- Number 300 |
- November 23, 2009
An accelerator warms up for fusion energy
Warm dense matter is rare in
the laboratory but common in
the Universe, in places like the
hearts of giant planets like Jupiter.
What a just-triggered nuclear bomb, an imploding inertial-fusion fuel capsule, and the core of a giant planet like Jupiter have in common is an unusual state of matter that physicists call warm and dense—merely “warm” because it’s not quite hot enough to undergo nuclear fusion, although it may be well on the way.
But while the relationship of pressure, temperature, and density in hydrogen fusion—its equation of state—is well understood, no one yet has been able to confirm the equation of state of warm dense matter.
A collaboration among DOE's Lawrence Berkeley National Laboratory, Lawrence Livermore National Laboratory, and the Princeton Plasma Physics Laboratory (PPPL) called the Heavy Ion Fusion Science Virtual National Laboratory, headed by Grant Logan of Berkeley Lab’s Accelerator and Fusion Research Division (AFRD), is building an accelerator that will soon allow scientists access to warm dense matter in the laboratory.
“Most accelerators are built to boost relatively small bunches of particles to very high energies,” says Joe Kwan of AFRD, Project Manager of the Neutralized Drift Compression Experiment-II (NDCX-II). “To study warm dense matter, we need a different kind of accelerator, one that can deliver very high currents—a great many particles—in short pulses of moderate energy.”
NDCX II is a linac that operates on the principle of induction, as in a transformer. “The NDCX-II is like a string of transformers, where the beam itself acts as the second winding,” says Kwan. “A high-energy accelerator would send a particle beam through the target like a bullet through paper, but our beam of lithium ions is optimized to deposit most of its energy in the target itself, heating it instantly to warm dense matter.”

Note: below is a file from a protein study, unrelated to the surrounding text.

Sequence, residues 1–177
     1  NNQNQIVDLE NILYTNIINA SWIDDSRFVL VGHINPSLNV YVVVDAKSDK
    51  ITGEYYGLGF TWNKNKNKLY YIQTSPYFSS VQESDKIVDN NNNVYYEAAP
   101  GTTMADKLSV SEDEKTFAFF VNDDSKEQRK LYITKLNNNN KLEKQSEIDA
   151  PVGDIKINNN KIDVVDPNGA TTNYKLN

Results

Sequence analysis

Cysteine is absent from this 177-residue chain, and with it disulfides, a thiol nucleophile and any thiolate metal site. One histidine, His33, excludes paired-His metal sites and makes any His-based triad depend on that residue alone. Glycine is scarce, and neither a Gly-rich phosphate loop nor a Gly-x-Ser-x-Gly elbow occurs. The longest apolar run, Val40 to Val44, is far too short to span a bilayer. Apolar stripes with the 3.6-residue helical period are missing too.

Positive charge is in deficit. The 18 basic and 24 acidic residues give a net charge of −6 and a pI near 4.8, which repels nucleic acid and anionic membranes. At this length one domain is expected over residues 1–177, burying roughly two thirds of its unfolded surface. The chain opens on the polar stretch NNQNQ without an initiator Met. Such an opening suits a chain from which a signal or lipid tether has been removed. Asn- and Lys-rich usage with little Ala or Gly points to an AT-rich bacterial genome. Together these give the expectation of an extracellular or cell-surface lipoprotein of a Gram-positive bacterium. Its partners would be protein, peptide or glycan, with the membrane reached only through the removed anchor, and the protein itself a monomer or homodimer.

Livermore’s John Barnard, who with Ron Davidson of PPPL is a Deputy Director of the Virtual Lab, says, “The object is to reach the warm dense matter stage quickly, giving us time to measure its properties before it boils away.”
While warm dense matter is a field of study in itself, fusion energy is much on the minds of NDCX-II’s builders. “On the one hand, the U.S. is a major participant in ITER, the international tokamak project located in France that’s studying magnetic fusion,” says Logan. But the other major approach to controlled fusion is inertial confinement, in which a fuel capsule is hit by energetic “driver” beams from all directions, causing it to implode and then ignite in a miniature thermonuclar explosion.
Although Livermore’s National Ignition Facility (NIF) is an inertial confinement facility optimized for studying nuclear stockpile stewardship, not power production, Logan says, “NIF will be the first to demonstrate the scientific basis for inertial fusion energy through ignition, fusion, and energy production.”
But NIF’s big glass lasers can only deliver a few shots a day without active cooling. Power plants must operate near-continuously, and induction acceleration is projected to use energy far more efficiently than glass laser technology. Once the fundamentals of capsule ignition and implosion are understood at NIF, says Barnard, “we’ll be prepared to look at more practical questions for future drivers.”Construction of NDCX-II began in July, aided by stimulus funding from the American Recovery and Reinvestment Act, and is expected to be completed in March of 2012 at a cost of only $11 million.
Submitted by DOE's Lawrence Berkeley National Laboratory